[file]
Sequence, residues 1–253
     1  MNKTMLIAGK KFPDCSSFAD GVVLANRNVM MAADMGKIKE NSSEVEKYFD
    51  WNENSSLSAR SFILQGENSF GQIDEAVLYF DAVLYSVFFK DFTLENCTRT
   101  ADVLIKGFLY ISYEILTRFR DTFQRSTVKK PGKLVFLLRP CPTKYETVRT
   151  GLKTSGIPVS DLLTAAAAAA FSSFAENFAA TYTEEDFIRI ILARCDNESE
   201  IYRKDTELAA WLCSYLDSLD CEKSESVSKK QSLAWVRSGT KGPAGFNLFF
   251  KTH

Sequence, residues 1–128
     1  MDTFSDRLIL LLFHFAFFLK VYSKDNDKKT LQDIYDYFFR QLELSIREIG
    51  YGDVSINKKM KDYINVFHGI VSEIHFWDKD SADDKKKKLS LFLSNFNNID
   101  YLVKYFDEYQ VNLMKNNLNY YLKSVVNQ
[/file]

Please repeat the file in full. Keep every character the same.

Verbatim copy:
Sequence, residues 1–253
     1  MNKTMLIAGK KFPDCSSFAD GVVLANRNVM MAADMGKIKE NSSEVEKYFD
    51  WNENSSLSAR SFILQGENSF GQIDEAVLYF DAVLYSVFFK DFTLENCTRT
   101  ADVLIKGFLY ISYEILTRFR DTFQRSTVKK PGKLVFLLRP CPTKYETVRT
   151  GLKTSGIPVS DLLTAAAAAA FSSFAENFAA TYTEEDFIRI ILARCDNESE
   201  IYRKDTELAA WLCSYLDSLD CEKSESVSKK QSLAWVRSGT KGPAGFNLFF
   251  KTH

Sequence, residues 1–128
     1  MDTFSDRLIL LLFHFAFFLK VYSKDNDKKT LQDIYDYFFR QLELSIREIG
    51  YGDVSINKKM KDYINVFHGI VSEIHFWDKD SADDKKKKLS LFLSNFNNID
   101  YLVKYFDEYQ VNLMKNNLNY YLKSVVNQ